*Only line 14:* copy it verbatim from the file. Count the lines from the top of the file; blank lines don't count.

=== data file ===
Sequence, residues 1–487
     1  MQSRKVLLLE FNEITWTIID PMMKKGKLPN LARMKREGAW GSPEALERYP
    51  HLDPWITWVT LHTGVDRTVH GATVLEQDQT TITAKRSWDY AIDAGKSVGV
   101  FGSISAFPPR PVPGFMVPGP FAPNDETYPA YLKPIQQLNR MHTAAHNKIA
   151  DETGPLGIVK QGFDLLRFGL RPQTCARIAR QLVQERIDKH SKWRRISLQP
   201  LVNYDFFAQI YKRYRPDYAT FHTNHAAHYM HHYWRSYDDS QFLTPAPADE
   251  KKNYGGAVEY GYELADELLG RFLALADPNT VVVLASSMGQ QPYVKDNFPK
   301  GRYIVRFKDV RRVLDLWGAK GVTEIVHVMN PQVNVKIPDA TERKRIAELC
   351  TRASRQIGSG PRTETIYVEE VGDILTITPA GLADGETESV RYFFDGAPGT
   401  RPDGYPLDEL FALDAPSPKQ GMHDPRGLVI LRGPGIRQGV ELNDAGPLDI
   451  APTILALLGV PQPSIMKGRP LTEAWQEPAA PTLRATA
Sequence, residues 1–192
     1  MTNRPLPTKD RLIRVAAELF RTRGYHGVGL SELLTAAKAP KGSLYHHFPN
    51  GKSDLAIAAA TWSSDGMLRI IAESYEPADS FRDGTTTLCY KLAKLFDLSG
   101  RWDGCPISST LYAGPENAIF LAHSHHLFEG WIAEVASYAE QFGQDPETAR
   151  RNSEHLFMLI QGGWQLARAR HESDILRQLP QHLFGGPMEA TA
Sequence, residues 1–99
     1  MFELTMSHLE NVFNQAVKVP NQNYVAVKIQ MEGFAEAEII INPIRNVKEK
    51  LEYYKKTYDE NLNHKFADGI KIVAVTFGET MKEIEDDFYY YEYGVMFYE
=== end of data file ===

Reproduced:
    51  GKSDLAIAAA TWSSDGMLRI IAESYEPADS FRDGTTTLCY KLAKLFDLSG